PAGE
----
Panama City: A great home base as a digital nomad

Panama City – a hotbed of entrepreneurialism and business startup. If you’re looking to generate income as remote worker, but want the stability of a new home base, Panama could be for you.

With its lenient tax structures, immigration and business startup options, Panama attracts investors and business people from around the world; many of whom decided to escape the cubicle and live a more flexible lifestyle as a freelance contractor.

An immigration program called the ‘Friendly Nations Visa’ or ‘Paises Amigos’ in Spanish, offers the ability to stay in Panama for an extended time and even establish Permanent Residency relatively quickly.

Minimal expenses are involved and the visa allows you flexibility to travel and not live in Panama full time. There are some legal requirements and not all countries are eligible, so check into details before making any final decisions.

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Compared to other cities you might move to, Panama can be relatively easy to navigate. Realize, though that Panama is a Spanish speaking country.

There are numerous professional and tourism services available in English throughout Panama City; however, many of the day to day interactions you will have with service providers, transportation and getting to know local areas will involve a bit of Spanish. Spanglish is always acceptable, as Panamanians appreciate you making an effort and often know some English, but are shy to use it!

Applications and driving services, such as Uber, are available in the city with options to request English drivers. Transportation is extremely affordable with the base price for a taxi being $1.50-$2.00, Uber base price $2.20, Metrobus rides for $0.25, and Metro (subway trains) for $0.35.

Throughout Panama City, the old and crumbling stands next to the newly renovated

For years Panama City has been the place to go for a hot tropical lifestyle in the middle of a city full of skyscrapers. Expect to sweat as it’s humid year round, but manageable with some air conditioned cafes to set up your new remote work headquarters.

Panama City is little Miami in a way, with plenty of North American influence. Most brands and imported products are available, a variety of restaurants, nightlife, fitness activities and cultural events are also offered for people of all ages.

New restaurants seem to pop up monthly and there are plenty of options throughout city center and in the historic district of Casco Viejo.

Restaurant and bar in Casco Viejo

The downsides to living in Panama City are ever increasing traffic, noise pollution and rising costs of living.

If you bring your patience, an open mind and desire to adapt to the local pace of business, there are many niche markets still untapped, expanding internet infrastructure, cafes for co-workers and an ever-growing network of co-working office spaces for freelancers, entrepreneurs and business incubators.  Workings is a great shared office space to check out and meet people from Panama and anywhere else in the world: http://workingslatam.com/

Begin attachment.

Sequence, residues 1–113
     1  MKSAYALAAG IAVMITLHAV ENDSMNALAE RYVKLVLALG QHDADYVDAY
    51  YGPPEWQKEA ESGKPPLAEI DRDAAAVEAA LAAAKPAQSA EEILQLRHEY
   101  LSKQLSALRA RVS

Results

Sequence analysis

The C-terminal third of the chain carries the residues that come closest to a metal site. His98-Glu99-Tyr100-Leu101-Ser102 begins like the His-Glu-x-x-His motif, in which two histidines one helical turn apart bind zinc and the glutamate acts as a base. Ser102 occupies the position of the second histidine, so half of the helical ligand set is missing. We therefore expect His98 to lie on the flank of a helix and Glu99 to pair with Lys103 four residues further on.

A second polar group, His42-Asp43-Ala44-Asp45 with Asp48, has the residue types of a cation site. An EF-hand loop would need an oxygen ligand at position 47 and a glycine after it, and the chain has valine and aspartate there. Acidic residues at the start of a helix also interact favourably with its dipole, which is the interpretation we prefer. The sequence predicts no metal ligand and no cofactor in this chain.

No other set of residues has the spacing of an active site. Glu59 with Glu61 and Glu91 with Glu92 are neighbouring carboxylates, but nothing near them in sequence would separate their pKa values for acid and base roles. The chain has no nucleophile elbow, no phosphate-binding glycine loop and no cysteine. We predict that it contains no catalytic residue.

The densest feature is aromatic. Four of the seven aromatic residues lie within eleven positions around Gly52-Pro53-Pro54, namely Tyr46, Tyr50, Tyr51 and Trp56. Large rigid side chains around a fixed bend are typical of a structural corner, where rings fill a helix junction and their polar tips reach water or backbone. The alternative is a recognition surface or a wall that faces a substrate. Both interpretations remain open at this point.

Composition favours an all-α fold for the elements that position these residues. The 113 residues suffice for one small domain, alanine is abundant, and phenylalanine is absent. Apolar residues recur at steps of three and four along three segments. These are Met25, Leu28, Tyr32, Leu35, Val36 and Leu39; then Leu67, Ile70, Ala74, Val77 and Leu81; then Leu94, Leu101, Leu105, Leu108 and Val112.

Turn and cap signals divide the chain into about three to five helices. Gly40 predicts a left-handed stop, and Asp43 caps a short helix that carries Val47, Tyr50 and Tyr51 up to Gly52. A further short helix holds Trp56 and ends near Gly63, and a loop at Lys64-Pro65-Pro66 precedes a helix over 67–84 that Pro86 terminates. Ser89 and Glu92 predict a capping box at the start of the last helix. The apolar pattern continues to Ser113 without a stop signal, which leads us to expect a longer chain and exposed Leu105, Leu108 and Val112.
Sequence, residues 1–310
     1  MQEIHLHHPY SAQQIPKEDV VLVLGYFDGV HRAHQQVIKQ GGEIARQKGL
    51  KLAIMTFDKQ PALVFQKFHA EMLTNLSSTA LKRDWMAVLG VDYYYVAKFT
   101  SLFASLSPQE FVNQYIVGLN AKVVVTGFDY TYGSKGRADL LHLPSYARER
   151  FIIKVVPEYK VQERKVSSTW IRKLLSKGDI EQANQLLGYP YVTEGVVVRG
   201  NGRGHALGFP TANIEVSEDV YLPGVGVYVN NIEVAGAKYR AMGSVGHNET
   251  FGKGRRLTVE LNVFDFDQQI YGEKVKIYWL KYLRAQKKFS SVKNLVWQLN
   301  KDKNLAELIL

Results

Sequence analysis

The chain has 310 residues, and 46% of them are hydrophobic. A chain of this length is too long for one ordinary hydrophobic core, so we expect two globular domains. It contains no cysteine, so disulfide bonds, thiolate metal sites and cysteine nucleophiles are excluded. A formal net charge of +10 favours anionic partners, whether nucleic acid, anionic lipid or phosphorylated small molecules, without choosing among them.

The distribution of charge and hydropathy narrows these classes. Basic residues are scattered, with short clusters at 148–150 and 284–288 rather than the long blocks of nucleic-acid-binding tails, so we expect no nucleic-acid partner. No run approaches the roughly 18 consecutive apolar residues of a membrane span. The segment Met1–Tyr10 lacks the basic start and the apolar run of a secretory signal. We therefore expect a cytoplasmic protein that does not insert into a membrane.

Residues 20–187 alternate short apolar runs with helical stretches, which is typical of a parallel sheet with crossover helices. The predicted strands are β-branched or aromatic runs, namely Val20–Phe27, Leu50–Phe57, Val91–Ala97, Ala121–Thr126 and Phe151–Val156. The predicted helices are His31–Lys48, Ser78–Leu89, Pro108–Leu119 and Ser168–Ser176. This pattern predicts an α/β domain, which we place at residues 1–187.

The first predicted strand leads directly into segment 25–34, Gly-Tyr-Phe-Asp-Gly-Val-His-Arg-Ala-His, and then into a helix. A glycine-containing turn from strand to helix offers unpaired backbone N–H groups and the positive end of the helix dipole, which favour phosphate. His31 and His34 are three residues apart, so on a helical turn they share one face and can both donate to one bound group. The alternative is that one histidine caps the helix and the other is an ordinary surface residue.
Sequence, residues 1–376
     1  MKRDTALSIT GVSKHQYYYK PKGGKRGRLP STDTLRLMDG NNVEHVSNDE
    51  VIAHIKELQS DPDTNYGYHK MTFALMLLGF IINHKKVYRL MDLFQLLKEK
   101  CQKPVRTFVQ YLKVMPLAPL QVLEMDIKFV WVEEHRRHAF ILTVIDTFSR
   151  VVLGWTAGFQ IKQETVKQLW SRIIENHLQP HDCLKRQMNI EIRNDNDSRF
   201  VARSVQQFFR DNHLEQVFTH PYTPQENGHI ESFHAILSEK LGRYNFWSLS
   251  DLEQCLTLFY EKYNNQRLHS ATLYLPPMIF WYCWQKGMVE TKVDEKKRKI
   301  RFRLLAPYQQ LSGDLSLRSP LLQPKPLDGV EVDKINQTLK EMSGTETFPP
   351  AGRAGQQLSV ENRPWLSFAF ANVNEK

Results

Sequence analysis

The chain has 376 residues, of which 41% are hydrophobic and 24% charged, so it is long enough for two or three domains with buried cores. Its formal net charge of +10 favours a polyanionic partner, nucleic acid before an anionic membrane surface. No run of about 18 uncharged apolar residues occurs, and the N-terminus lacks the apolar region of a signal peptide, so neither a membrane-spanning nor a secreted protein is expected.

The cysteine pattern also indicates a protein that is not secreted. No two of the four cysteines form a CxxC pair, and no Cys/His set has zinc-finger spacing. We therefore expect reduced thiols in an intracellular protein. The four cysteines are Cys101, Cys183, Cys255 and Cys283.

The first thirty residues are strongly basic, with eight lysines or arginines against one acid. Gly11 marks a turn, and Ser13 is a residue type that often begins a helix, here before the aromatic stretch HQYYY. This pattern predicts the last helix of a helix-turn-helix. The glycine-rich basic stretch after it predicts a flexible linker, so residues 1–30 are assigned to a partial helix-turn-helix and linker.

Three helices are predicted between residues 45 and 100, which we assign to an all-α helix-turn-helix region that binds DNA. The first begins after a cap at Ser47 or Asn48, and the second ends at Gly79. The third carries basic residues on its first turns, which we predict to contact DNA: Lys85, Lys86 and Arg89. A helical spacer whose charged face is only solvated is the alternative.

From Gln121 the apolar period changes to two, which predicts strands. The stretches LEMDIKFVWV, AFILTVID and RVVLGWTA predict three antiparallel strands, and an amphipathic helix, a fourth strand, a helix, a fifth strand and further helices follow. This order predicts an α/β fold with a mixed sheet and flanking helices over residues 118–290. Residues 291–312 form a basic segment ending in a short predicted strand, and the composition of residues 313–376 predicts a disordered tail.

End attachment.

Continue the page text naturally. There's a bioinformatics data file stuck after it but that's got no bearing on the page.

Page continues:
With its large number of multinational corporations and opportunities for business startup, Panama City attracts newcomers from all age ranges. It isn’t strictly a retirement destination. If city life isn’t 100% for you, there are opportunities to escape the city buzz with nearby jungle areas, including a nature reserve in the city called Parque Natural Metropolitano and Gamboa just minutes out of the city along the Panama Canal. Within a couple hours driving from Panama City there are also numerous beaches, mountainous hiking areas and waterfalls. 

Panama Canal

Maybe you already have a plan on how you’ll earn a living while traveling. If you do, excellent. If you don’t, Panama City could be a great starting place.

So, how do you start? Network! Get online and get to know people.

There are countless social media groups for expats and newcomers to Panama, many of whom have already gone through the process of starting a new career and who are more than happy to provide advice and guidance – some of the largest online communities can be found on Facebook. Popular Facebook Groups include: Expats in Panama and Tropical Cowboys and Cowgirls. Internations.org hosts events on a regular basis and there are numerous charity and special interest groups formed by expats throughout the country.

You can also set up profiles with online freelancing websites and strengthen your social media presence in general to get to know people in the area. The more you talk with and meet people who are freelancing to live abroad, the more opportunities you will find. Many people in Panama are involved in sales, online marketing or real estate in some way, so if those are areas of interest, Panama City could be a great place to consider. 


Featured image by Matthew Straubmuller [CC BY 2.0], via Wikimedia Commons 

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